Date of Award

2009

Publication Type

Master Thesis

Degree Name

M.A.

Department

Psychology

First Advisor

Paivio, Sandra (Psychology)

Keywords

Psychology, Developmental.

Rights

info:eu-repo/semantics/openAccess

Creative Commons License

Creative Commons Attribution-Noncommercial-No Derivative Works 4.0 License
This work is licensed under a Creative Commons Attribution-Noncommercial-No Derivative Works 4.0 License.

Abstract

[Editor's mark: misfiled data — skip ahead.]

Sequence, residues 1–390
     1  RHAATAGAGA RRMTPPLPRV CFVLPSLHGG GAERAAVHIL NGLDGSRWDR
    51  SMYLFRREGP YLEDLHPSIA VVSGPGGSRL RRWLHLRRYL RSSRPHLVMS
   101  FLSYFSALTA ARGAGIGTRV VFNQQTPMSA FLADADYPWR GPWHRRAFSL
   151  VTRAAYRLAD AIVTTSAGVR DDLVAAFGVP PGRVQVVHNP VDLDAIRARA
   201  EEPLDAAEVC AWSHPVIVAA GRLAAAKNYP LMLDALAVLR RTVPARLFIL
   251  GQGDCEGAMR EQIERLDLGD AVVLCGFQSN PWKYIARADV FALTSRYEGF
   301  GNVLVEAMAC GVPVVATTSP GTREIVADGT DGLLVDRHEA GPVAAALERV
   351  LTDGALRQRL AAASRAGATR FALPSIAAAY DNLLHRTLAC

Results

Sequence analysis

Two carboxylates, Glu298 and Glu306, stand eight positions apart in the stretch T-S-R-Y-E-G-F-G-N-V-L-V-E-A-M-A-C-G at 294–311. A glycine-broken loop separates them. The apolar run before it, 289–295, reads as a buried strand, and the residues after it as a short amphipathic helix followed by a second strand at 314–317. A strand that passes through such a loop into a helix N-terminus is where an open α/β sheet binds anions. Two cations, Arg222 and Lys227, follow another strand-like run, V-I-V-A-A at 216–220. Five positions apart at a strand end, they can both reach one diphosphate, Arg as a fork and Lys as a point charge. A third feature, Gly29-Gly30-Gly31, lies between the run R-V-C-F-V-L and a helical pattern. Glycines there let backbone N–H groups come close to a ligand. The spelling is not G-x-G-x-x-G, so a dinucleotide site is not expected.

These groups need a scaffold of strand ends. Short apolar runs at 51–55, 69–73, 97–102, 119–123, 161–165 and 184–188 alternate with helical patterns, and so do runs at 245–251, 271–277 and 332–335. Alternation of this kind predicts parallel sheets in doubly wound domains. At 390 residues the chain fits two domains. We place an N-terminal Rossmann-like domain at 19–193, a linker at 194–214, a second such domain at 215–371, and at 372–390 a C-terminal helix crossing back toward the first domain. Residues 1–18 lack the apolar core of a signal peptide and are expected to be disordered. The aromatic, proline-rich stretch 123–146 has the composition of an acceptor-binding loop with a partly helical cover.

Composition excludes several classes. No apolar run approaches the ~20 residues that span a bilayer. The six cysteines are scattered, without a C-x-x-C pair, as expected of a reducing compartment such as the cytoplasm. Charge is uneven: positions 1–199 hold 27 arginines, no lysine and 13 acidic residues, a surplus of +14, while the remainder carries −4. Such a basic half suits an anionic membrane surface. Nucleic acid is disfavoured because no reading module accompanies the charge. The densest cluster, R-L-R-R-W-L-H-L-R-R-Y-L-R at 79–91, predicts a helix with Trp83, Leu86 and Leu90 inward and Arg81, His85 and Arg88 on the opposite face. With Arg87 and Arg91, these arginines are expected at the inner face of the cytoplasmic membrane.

This study tested whether identity formation and emotional competence mediated the relationship between childhood maltreatment and adult love relationships, as well as explored the differential long-term effects of psychological abuse and neglect. The sample was comprised of 187 undergraduates. Measures were the Childhood Trauma Questionnaire (Bernstein & Fink, 1998), the Family Expressiveness Questionnaire (Halberstadt, 1986), the Emotion Control Questionnaire-2 (Roger & Najarian, 1989), the Toronto Alexithymia Scale (Bagby et al., 2007), the Rosenberg Self-Esteem Scale (Rosenberg, 1965), The Robson Self-Concept Questionnaire (Robson, 1989), the Relationship Scales Questionnaire (Griffin & Bartholomew, 1994), and the Relationship Questionnaire (Bartholomew & Horowitz, 1991). Path analysis was used to test the proposed mediational model. Emotional competence mediated the relationship between psychological maltreatment and adult attachment styles, while identity integration did not. Emotional abuse and neglect were both associated with a fearful adult attachment style and alexithymia in adulthood. Results support the importance of emotional competence.

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